- Kevin Seifert, NFL Nation
- 0 Shares
A team-by-team look at the most underrated players in the division.
Matt Forte, tailback: You have to wonder how many people outside the NFC North realize that in his first three NFL seasons Forte has accumulated nearly 5,000 combined rushing and receiving yards. Forte's quiet personality and smooth style tend to deflect attention rather than attract it, but the fact remains he has been one of the NFL's most productive running backs over the past three seasons. In fact, he is one of six NFL players to record at least 3,000 rushing yards and 1,000 receiving yards since 2008. The other names on that list -- Frank Gore, Steven Jackson, Chris Johnson, Maurice Jones-Drew and Ray Rice -- tell you what kind of company Forte should be considered in.
Cliff Avril, defensive end: It's hard to go a minute without hearing about the Lions' now-vaunted defensive line. The discussion starts with All-Pro defensive tackle Ndamukong Suh, continues with new partner Nick Fairley, then shifts over to veterans Corey Williams and Kyle Vanden Bosch. If he's lucky, someone will mention Avril, who has more sacks over the past three seasons than any of them. (Granted, he has a two-year head start on Suh and three on Fairley, but you get the point.) Avril has recorded 19 sacks in 41 games since joining the Lions in 2008, one of 29 NFL players to do so over that stretch.
Josh Sitton, guard: Packers veteran Chad Clifton was named to the 2010 Pro Bowl team, but most football people will tell you Sitton long has been the team's best offensive lineman. He hasn't missed a snap since the start of the 2009 season, the only Packers player on offense or defense to accomplish that feat. Sitton is without question the Packers' most powerful run-blocker, helping the Packers average 4.48 yards per carry up the middle in 2010, according to NFL statistics. He has elevated his pass-blocking to a near-equal status. Recognition outside of Green Bay has been fleeting, but he was a Pro Bowl alternate in 2010 and was named the league's best offensive lineman by NFL Alumni.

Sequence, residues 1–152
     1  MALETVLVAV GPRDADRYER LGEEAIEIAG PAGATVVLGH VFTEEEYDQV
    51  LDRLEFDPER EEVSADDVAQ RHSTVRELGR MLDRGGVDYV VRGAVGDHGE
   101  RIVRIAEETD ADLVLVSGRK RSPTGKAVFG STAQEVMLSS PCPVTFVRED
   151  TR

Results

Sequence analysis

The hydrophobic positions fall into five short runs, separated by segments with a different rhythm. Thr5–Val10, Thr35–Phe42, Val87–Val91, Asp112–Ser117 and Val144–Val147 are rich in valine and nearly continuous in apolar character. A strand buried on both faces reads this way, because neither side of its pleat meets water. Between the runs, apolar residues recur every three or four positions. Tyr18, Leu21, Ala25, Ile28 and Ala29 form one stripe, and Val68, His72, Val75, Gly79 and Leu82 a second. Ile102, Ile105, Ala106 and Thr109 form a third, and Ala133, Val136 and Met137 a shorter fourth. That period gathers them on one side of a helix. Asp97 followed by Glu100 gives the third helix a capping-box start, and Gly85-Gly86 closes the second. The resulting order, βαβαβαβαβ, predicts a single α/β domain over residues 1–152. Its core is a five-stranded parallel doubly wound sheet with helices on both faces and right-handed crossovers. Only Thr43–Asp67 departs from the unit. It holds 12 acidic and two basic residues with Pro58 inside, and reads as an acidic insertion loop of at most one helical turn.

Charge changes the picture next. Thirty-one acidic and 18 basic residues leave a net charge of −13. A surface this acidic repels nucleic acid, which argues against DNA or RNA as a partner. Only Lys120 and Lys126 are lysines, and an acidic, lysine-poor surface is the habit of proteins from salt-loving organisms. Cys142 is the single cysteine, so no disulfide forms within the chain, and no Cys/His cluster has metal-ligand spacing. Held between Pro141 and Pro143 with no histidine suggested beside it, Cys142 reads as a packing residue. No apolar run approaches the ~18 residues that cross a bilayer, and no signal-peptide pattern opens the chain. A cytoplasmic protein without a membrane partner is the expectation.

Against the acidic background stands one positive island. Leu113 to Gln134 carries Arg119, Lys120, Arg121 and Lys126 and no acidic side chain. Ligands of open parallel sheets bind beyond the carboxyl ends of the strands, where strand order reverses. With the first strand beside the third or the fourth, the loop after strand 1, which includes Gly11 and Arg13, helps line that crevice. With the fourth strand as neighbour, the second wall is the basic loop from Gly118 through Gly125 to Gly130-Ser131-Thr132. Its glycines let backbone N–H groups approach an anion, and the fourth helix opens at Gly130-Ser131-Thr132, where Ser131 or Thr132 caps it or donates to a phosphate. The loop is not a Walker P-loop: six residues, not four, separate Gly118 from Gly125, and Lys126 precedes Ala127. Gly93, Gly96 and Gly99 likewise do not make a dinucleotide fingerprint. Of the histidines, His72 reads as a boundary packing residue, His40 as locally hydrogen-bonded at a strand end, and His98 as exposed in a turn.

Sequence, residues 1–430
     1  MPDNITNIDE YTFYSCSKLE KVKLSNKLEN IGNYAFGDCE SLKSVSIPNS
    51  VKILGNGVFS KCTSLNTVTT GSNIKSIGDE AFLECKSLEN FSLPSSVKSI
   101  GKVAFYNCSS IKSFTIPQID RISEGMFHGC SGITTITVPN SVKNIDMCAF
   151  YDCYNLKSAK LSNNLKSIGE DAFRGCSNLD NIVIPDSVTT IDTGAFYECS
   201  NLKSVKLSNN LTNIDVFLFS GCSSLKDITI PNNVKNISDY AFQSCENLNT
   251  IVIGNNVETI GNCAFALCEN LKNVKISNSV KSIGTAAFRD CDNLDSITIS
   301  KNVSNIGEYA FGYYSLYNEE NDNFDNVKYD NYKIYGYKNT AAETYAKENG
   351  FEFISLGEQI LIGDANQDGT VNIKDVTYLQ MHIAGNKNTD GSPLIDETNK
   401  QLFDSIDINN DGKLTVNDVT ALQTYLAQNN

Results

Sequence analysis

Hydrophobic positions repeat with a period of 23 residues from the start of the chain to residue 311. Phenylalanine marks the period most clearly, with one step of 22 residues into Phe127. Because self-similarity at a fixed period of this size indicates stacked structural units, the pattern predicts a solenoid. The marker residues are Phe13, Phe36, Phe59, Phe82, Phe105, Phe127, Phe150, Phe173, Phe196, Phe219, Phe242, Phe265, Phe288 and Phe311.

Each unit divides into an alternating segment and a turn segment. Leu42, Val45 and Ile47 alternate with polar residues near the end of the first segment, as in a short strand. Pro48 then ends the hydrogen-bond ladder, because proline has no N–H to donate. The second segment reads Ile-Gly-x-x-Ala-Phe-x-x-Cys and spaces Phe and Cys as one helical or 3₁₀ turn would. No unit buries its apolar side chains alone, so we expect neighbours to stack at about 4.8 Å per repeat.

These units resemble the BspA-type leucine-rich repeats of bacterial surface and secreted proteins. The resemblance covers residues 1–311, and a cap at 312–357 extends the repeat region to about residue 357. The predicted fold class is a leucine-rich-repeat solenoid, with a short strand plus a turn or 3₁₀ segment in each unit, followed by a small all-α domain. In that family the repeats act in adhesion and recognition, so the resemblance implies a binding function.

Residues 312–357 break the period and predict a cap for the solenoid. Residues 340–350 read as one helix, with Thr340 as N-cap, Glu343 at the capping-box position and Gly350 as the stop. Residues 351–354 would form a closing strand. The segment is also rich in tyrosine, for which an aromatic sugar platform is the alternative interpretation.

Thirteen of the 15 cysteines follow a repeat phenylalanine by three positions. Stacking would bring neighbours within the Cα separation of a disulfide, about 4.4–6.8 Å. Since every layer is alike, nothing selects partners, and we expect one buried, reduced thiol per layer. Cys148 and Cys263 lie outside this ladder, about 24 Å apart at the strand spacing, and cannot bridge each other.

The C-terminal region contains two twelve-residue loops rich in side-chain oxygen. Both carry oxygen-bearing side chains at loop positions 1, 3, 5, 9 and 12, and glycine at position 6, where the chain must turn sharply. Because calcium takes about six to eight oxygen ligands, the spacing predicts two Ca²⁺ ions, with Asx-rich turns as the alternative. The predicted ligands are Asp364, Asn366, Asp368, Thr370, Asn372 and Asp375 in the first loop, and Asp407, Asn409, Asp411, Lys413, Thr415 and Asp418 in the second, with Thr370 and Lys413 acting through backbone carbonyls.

Ben Leber, linebacker: Some players stand out as superstars. Others fill in behind. Leber falls into the latter category, and that is by no means an insult. In five seasons with the Vikings, Leber displayed a deep, if not spectacular, skill set that is critical to any good team defense. He called defensive signals when middle linebacker E.J. Henderson was injured. He finished 2007 with five sacks, had seven pass breakups in 2008 and led the NFL with four fumble recoveries in '08 -- all while playing 79 of a possible 80 regular-season games. Leber might depart via free agency, but close observers know how good he is.